Functional neurological disorders associated with early life trauma

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A new study finds that people with FND who experienced childhood abuse show differences in connections between certain regions of the brain

In a new study published in Molecular Psychiatry, researchers led by investigators at Massachusetts General Hospital examined the brains of individuals who experienced early-life trauma, some with functional neurological disorders (FND) and others without the condition.

The findings may provide a better understanding of what happens in the brains of some patients with FND, as well as those with various other trauma-related brain disorders.

Senior author David Perez, MD, MMSc, director of the MGH FND Clinical and Research Programs said: “Our study has potential implications regarding our understanding of brain-trauma relationships not only in patients with FND but also across the greater spectrum of trauma-related brain disorders,”

Understanding FND

In individuals with a functional neurological disorder (FND), the brain generally appears structurally normal on clinical MRI scans but functions incorrectly (akin to a computer software crashing), resulting in patients experiencing symptoms including limb weakness, tremor, gait abnormalities and non-epileptic seizures.

However, in some cases, childhood maltreatment may have been a contributing factor, yet links between risk factors such as childhood abuse and brain mechanisms for the development of FND remain poorly understood.

Differences in certain regions of the brain

The researchers examined 30 adults with FND and 21 individuals whose clinical depression diagnoses served as controls, some of the participants in both groups had experienced early-life maltreatment, as determined through questionnaires.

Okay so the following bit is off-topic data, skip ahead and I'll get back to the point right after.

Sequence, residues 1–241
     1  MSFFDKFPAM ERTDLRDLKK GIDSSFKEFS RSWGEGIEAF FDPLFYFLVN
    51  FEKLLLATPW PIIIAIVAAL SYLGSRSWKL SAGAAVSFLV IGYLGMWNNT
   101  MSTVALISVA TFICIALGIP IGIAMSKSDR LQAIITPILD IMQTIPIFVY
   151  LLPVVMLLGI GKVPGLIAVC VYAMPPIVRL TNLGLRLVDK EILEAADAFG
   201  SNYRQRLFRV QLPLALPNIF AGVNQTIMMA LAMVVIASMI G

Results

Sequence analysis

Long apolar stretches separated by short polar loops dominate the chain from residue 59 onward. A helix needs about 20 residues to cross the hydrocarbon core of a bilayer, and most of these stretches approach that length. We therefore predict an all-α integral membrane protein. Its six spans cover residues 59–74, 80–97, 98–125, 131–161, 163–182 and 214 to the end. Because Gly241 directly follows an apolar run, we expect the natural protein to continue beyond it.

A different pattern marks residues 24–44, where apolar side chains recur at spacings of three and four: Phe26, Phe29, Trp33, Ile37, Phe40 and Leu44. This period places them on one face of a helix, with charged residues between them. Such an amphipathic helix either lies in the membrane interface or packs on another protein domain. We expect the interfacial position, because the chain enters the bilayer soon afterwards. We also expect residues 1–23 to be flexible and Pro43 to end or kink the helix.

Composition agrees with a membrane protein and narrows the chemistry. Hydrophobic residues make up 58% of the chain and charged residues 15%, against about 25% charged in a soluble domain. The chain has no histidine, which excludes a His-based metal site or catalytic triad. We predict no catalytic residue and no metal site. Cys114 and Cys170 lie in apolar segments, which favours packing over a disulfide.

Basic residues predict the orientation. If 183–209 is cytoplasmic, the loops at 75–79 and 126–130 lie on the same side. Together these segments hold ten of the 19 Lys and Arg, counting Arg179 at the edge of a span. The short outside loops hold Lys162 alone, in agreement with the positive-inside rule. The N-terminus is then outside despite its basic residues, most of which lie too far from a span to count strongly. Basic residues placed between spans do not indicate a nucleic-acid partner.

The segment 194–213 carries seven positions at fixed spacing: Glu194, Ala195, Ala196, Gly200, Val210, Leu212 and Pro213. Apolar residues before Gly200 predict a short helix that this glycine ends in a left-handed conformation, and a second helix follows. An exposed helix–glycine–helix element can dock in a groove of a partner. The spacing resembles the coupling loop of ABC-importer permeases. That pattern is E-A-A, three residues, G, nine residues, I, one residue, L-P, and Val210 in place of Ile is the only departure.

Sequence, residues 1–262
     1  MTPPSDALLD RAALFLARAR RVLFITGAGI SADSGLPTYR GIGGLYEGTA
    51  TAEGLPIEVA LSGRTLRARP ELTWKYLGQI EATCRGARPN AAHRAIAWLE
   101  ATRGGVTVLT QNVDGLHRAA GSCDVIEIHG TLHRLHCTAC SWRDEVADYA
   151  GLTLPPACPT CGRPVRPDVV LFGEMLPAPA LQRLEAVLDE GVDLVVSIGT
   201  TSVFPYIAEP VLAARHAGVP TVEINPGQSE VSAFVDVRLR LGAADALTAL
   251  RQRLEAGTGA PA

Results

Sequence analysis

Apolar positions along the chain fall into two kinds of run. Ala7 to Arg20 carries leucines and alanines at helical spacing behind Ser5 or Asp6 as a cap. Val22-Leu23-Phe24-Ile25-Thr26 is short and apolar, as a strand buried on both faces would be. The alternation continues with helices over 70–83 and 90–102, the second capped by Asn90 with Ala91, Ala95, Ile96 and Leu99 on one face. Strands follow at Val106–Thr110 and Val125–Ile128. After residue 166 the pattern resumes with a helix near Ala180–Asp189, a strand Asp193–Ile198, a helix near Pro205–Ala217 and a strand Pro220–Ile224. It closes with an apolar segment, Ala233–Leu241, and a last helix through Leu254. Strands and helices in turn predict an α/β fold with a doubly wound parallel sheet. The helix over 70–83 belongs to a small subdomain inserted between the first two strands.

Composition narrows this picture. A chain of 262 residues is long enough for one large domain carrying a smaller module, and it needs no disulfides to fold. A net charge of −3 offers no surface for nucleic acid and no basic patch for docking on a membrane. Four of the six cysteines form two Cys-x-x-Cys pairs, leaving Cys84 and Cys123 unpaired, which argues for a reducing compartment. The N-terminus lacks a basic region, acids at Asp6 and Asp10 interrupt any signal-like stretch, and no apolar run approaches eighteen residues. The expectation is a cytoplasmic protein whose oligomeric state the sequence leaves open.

The results of the study showed that in FND patients only, differences in the severity of childhood physical abuse correlated with differences in connections between certain regions of the brain. For example, between the limbic regions which control emotions, arousal and survival instincts among other functions, and the primary motor cortex which is involved in voluntary movements.

Ibai Diez PhD, lead author, a senior research fellow in Neurology and Radiology at MGH explained: “Motor and limbic circuits were more strongly interconnected in individuals with FND reporting a greater severity of childhood physical abuse.”

These findings may lead to potentially important insights on the plastic brain mechanisms involved in promoting increased crosstalk between motor control circuits and emotion processing circuits.

Biological factors likely influence the development of FND

In additional assessments, investigators examined how the expression of genes in a publicly available data set from the Allen Institute related to brain areas showing prominent plastic effects correlated to the degree of early-life physical abuse in patients with FND.

As background, some genes in the literature have been shown to increase the risk for developing brain disorders after experiencing early-life maltreatment. The researchers found that brain areas showing prominent functional reorganisation in patients with FND were the same brain areas highly expressing genes involved in neuroplasticity and nervous system development.

Perez stressed that although childhood maltreatment may be a risk factor for the development of FND in some individuals, there are many social, environmental, and biological factors that likely influence the development of FND later in life.

Perez said: “More work is needed to understand how the brain mechanisms underlying FND in those without prominent childhood maltreatment may be the same or different as those individuals with FND with a high burden of childhood adversity.”

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